INTERNS SPEAK: Hunting and it’s impacts on the Indian Pangolin

INTERNS SPEAK: Hunting and it’s impacts on the Indian Pangolin

Krishna Pavan and Rohit Subhedar

Krishna Pavan and Rohit Subhedar are part of the internship program in ATREE that allows students to work on critical research programs.

Krishna and Rohit are part of the study in the northern Eastern Ghats where they are trying to assess the impact of hunting on endangered species like the Indian Pangolin.

According to data by TRAFFIC, a wildlife trade monitoring network, nearly 6000 Pangolins were poached in India between 2009 to 2017. Rohit and Krishna are also recording the presence of Indian Pangolin using camera traps. The location for setting up the trap is on the basis of community interviews.  The area is divided into 30 grids covering an area of 750km2. Each grid has four cameras placed in strategic locations based on local input about Pangolin sighting.

This study not only aims to look at Pangolin presence in the Eastern Ghats but also aims to look at other animals that are hunted in the area. In a candid interview they spoke about their experiences in the field:

Q: Is hunting by the locals a fairly common practice here?

KRISHNA: During this study, we interviewed different tribal communities. However, numerically the Koyas and Konda Reddis dominate this region. Both tribal communities have their own traditions and customs.

The Koyas are mainly plains dwelling tribes.  Since they live in plains they have access to small towns; in fact most of them stay in big villages, and some also stay in major cities and enjoy a relatively better social status than other tribes in the region. Some Koya settlements are well developed with facilities such as schools and Primary Health Centers.

Whereas the Konda Reddis are hill tribes, they hunt all animals but some animals like the macaques, Langurs, and Gaurs are not relished for consumption. The Konda Reddis and their settlements are located further inside the forests. 

To illustrate how common it is, let me give a field example. After completing a few interviews, I was heading to back to our stay when I saw a small group of not more than 10 individuals of Konda Dora community climbing up the ghat by the road with bows in their hand.

 I asked them if they were going for a hunt; to my surprise they said that they’ve hunted a barking deer and were taking it back to their village. Although they refused to show me the deer, they said they were happy that they found a good hunt after a long time and it took a lot of effort to hunt it down.

Q: Is hunting Pangolin for money a fairly recent phenomenon here?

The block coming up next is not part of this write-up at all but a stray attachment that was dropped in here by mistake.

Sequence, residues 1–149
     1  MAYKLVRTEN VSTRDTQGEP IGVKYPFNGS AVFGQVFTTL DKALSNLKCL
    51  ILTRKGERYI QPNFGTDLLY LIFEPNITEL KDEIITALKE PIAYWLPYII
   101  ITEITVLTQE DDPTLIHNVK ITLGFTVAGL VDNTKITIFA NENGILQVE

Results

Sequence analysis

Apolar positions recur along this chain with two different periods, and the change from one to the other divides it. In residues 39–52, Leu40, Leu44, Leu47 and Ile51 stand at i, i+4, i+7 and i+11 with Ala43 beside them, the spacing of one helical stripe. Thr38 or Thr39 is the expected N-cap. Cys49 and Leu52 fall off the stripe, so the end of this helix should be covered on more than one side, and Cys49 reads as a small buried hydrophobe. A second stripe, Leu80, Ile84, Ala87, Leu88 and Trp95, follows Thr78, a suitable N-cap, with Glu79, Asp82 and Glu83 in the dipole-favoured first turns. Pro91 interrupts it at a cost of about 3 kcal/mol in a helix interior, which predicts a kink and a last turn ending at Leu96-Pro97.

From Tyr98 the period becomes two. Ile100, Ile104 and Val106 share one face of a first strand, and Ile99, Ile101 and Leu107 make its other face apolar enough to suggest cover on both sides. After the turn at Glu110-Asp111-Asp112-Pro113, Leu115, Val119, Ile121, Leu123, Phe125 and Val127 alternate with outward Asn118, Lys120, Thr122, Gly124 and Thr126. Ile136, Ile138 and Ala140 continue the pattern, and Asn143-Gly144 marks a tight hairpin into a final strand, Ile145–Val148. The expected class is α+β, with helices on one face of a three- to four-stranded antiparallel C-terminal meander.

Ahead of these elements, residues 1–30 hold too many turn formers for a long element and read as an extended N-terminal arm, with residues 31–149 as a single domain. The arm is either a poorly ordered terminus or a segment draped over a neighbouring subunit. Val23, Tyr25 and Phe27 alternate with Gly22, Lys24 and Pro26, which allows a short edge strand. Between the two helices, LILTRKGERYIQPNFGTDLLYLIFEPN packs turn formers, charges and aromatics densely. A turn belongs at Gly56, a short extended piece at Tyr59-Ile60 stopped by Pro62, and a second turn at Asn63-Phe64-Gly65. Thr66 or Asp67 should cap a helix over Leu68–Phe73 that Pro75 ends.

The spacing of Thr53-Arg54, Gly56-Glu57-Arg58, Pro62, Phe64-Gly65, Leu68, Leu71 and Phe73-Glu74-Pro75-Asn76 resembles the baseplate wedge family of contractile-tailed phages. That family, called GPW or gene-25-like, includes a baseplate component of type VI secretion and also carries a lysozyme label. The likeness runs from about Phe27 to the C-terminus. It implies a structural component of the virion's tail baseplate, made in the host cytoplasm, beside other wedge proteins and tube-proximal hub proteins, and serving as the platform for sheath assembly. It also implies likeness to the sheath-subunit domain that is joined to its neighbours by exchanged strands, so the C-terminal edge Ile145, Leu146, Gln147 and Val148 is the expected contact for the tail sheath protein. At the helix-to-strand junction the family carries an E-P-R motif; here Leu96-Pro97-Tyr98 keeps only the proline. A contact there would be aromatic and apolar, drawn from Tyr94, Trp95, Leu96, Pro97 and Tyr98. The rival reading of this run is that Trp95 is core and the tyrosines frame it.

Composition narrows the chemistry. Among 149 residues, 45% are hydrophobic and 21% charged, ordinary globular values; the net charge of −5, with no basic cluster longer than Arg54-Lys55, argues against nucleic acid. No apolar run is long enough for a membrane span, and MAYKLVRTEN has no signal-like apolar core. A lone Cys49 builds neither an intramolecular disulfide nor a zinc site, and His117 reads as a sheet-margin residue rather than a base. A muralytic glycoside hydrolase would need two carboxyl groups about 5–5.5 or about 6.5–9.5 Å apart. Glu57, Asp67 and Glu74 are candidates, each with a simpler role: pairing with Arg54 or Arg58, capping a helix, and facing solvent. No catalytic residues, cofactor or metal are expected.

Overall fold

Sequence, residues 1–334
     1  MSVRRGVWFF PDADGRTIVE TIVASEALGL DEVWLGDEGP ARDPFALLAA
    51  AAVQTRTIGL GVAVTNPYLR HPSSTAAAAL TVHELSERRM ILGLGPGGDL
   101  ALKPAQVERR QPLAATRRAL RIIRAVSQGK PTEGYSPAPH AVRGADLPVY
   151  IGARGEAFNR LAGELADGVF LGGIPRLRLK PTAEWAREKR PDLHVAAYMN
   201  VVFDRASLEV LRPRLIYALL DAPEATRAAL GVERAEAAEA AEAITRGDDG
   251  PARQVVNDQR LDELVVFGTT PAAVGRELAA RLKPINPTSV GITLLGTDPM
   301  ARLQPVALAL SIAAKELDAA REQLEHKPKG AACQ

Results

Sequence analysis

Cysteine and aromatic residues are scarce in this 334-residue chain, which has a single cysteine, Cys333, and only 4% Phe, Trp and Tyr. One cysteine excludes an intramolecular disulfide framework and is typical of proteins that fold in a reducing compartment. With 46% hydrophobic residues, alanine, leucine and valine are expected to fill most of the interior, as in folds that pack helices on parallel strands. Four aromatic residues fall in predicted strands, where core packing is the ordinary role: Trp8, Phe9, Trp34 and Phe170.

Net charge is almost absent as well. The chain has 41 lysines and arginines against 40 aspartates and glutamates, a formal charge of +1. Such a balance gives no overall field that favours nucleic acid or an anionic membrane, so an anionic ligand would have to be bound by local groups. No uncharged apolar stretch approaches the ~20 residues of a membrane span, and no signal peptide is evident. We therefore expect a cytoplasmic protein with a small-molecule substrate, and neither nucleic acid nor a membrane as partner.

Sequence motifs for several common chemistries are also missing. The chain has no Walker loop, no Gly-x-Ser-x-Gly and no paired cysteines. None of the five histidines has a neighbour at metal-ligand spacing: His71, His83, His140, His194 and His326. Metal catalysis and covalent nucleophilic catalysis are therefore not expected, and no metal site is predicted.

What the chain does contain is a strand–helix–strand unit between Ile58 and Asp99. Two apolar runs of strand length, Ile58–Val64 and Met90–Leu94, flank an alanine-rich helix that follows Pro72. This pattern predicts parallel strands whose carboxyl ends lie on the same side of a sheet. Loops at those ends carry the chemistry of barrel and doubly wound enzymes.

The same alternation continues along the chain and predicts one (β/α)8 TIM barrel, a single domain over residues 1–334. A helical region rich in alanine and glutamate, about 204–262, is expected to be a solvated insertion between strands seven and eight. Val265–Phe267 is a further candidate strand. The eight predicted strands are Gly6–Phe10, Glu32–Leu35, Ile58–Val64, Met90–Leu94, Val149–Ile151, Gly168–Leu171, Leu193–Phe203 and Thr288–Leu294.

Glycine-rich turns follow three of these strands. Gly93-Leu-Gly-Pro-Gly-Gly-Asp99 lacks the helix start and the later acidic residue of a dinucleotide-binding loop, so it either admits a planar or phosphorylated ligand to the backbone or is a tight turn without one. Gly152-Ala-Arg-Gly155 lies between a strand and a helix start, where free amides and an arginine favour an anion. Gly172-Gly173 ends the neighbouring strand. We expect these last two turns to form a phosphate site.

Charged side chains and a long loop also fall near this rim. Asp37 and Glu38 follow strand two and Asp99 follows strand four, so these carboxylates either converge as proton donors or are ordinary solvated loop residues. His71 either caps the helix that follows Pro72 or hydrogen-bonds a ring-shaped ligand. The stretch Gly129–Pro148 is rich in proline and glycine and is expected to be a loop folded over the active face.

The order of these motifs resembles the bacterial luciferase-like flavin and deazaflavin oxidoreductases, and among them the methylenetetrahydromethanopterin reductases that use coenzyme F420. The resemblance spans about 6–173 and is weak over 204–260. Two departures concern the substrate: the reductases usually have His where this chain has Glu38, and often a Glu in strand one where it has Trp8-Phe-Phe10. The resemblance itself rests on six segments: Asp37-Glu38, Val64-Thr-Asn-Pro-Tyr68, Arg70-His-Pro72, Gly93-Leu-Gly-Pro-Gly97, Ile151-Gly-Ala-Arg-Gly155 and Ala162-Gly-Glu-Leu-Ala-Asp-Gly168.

KRISHNA: Yes, while the tribes always hunted Pangolins for the meat, it is only in the past 10-15 years that they have became aware that the scales are valuable and can be sold. Prior to this knowledge, they used to just burn the scales. Today they claim that 1 Kilogram of scales fetches them anywhere between Rs.10, 000-Rs.15, 000.

Q: Will a poacher have access to the scales without local support?

ROHIT: The poacher always finds a way with or without local support.

KRISHNA: There is no organized industry here. Most locals do not know who they are selling these scales to. However, there exists superstition associated with Pangolins. They all lead up to the killing of the animal. The locals for instance make rings out of Pangolin scales which they believe wards off black magic. They also believe that a ring made of Pangolin scales breaks if someone is consuming poisoned food

Q: What is the perception about wildlife conservation amongst the locals of this region?

ROHIT: In the year 2015, I had attended a course in Conservation Science conducted by ATREE in the Eastern Ghats of AP. During the fieldwork I had encountered one hunting party in the forest. They were quite open to talk to and they spoke about their hunting gear, techniques and the animals they hunted.

Now in 2018 the situation is still the same! I found more people in the forest with a bow and arrow than wildlife. We have a good number of locals telling us that wildlife populations have gone down in the area due to hunting.

KRISHNA: The interviews focused on hunting practices and pangolin occurrence. Their perception on wildlife conservation was not questioned. Nonetheless, from what I have experienced few respondents showed concern towards decreasing forests and wildlife around them.
Krishna Pavan and Rohit Subhedar are pursuing masters in Wildlife Conservation from Institute of Environment Education and Research, BVDU, Pune. They are on an internship project with T.Ganesh and are helping Vikram Aditya with field surveys for his project on the Indian Pangolin in the northern Eastern Ghats of AP